Anti-SARS-CoV-2 mRNA vaccines as inducers of humoral response against apolipoprotein A-1?
Journal Paper/Review - Nov 29, 2021
Vuilleumier Nicolas, Pagano Sabrina, Ludewig Burkhard, Schmiedeberg Kristin, Haller Christoph, von Kempis Johannes, Rubbert-Roth Andrea
COVID-19 and some anti-SARS-CoV-2 vaccines trigger a humoral autoimmune response against a broad range of endogenous components, which may affect recipients' prognosis in predisposed individuals. Autoantibodies directed against apolipoprotein A-1 (AAA1 IgG) the major protein fraction of High Density Lipoprotein have been shown to be raised in COVID-19 and in rheumatoid arthritis (RA) patients and other populations where they have been associated with poorer outcomes. We wanted to assess the impact of anti-SARS-CoV-2 mRNA-based vaccination on AAA1 autoimmune biomarkers in RA patients.
20 healthy controls and 77 RA mRNA-based vaccinated patients were collected at baseline, 3 weeks after the first vaccination, 2 and 8 weeks after the second vaccination. AAA1 and SARS-CoV-2 serologies were measured by immunoassays. Systemic and local symptoms occurring during the vaccination protocol were recorded.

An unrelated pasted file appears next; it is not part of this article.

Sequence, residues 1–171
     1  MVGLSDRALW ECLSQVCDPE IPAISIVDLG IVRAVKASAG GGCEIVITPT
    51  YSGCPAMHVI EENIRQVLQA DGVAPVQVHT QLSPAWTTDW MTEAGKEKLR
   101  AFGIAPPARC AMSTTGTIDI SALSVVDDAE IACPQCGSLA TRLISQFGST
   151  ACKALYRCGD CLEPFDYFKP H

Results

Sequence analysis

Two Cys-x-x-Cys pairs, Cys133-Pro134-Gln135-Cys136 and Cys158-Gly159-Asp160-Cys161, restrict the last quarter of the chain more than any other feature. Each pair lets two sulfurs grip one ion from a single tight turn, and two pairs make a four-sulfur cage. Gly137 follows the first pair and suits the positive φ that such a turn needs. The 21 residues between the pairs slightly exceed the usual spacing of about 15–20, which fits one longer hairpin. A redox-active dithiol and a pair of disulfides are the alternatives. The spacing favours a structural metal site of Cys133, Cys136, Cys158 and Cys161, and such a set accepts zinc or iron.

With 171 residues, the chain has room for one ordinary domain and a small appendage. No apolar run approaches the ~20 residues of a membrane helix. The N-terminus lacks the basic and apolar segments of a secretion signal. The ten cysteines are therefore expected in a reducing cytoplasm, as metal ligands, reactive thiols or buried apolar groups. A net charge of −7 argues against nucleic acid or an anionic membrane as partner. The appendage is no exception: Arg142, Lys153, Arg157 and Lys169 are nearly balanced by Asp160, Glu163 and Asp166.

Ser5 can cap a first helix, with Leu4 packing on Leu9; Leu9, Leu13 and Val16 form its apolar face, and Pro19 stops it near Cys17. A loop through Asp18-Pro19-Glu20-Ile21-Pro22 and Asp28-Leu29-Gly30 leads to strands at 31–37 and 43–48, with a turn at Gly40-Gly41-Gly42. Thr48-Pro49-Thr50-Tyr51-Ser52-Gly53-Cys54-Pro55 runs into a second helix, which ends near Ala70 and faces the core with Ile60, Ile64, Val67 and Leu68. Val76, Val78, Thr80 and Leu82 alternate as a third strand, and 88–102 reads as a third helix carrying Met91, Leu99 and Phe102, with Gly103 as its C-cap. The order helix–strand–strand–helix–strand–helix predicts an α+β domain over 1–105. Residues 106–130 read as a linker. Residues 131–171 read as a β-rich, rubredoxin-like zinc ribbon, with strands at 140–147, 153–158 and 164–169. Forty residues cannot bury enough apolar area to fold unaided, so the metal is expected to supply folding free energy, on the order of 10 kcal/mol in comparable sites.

mRNA-based vaccination induced a significant increase in median AAA1 IgG levels in both healthy controls and RA patients overtime. However, in both populations, these medians trend did not translate into significant increase in AAA1 IgG seropositivity rates despite evolving from 5 to 10% in healthy controls, and from 9 to 12.9% in RA patients. No associations were retrieved between AAA1 IgG and symptoms of any kind during the vaccination protocol.
mRNA-based vaccination seems to induce a light AAA1 IgG response in immunocompetent individuals within 2 months after the last injection. Although we did not observe any warning signs, the formal demonstration of the harmlessness of such biological warrants further studies.